Year-In-Review: Saving History and Making A Difference

By Nicholas A. Redding

2018 will be a hard year to beat for Preservation Maryland. Thanks to the generous support of our donors, we have supported preservation at hundreds of sites across the state.

From the marshy wetlands of Dorchester County to the rugged foothills of Garrett County – it has been a banner year for preservation in Maryland. Moving forward, our job is to sustain this accelerated pace of impacts – and find new and sustainable ways to continue to grow. We are simply not content with keeping pace or holding our ground.

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Together, here’s what we accomplished in 2018 and what we have planned for the year ahead:

Investing Donor Dollars in Tangible Projects

2018 Heritage Fund Recipient, Skipjack Wilma Lee.

We’re not just talking about preservation – with your support, we’re doing it. Donor generosity in 2018 allowed us to distribute nearly $150,000 in grants to deserving projects all around the state. These grants stretched geographically from Allegany to Dorchester County and provided funding to support the preservation of resources as diverse as a threatened Skipjack to roof repairs for our friends in Friendsville.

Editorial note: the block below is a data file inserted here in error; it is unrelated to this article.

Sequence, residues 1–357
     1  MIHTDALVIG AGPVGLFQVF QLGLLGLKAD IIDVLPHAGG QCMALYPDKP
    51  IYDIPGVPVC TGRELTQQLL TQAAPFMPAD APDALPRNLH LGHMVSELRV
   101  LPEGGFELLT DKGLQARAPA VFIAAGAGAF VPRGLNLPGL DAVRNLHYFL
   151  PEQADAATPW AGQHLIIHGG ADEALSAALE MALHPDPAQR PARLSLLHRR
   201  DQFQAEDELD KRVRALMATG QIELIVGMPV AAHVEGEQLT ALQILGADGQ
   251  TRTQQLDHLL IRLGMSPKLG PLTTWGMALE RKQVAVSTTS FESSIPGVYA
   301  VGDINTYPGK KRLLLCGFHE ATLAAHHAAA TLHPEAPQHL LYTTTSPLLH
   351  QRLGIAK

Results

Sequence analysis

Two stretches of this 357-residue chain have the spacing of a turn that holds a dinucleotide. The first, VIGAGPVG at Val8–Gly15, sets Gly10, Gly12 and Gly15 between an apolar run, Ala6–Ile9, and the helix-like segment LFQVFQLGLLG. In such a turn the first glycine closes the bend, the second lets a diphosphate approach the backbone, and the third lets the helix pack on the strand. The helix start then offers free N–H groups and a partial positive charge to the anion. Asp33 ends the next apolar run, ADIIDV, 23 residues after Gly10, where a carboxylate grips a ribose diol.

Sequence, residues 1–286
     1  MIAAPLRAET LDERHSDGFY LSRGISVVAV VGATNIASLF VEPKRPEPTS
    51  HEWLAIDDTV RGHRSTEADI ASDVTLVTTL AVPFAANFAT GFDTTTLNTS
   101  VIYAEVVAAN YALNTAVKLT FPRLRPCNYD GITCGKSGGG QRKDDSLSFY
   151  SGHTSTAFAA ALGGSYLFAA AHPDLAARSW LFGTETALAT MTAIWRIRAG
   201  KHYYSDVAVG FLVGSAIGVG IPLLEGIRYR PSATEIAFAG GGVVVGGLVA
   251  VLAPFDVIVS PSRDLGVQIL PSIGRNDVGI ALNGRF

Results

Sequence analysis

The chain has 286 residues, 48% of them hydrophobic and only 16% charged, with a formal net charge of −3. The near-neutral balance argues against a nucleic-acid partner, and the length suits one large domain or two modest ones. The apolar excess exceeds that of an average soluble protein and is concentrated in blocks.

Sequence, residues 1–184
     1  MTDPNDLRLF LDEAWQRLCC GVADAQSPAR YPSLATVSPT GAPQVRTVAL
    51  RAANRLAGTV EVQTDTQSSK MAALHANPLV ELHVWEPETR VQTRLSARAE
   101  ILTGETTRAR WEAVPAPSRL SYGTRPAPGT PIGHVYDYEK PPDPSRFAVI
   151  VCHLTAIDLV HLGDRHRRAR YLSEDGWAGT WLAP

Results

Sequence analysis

Read about all of our 2018 Heritage Fund success stories here.

Taking a Stand for Places that Matter

This year, the need for an advocacy organization like Preservation Maryland became abundantly clear on two distinct occasions:

In July, the National Trust for Historic Preservation identified two sites in Maryland as some of the most endangered historic places in America; the Annapolis National Landmark District and the Maryland viewshed of George Washington’s Mount Vernon. Both were threatened by ill-advised development – and Preservation Maryland sprang into action – supporting our national and local partners and rallying our supporters to speak out on behalf of these iconic places. The advocacy pressure generated in Charles County – where Mount Vernon’s viewshed lies – caused Dominon Energy to abandon their plans which would have marred the viewshed; a stunning turn of events and a major preservation victory.

George Washington’s View into Maryland from Mount Vernon. Photo from Mount Vernon.

In Annapolis, the proposed rezoning of the waterfront to allow for large-scale development has not been entirely scuttled, but Preservation Maryland’s joint-advocacy on that issue has generated significant local opposition and brought the mayor back to the negotiating table.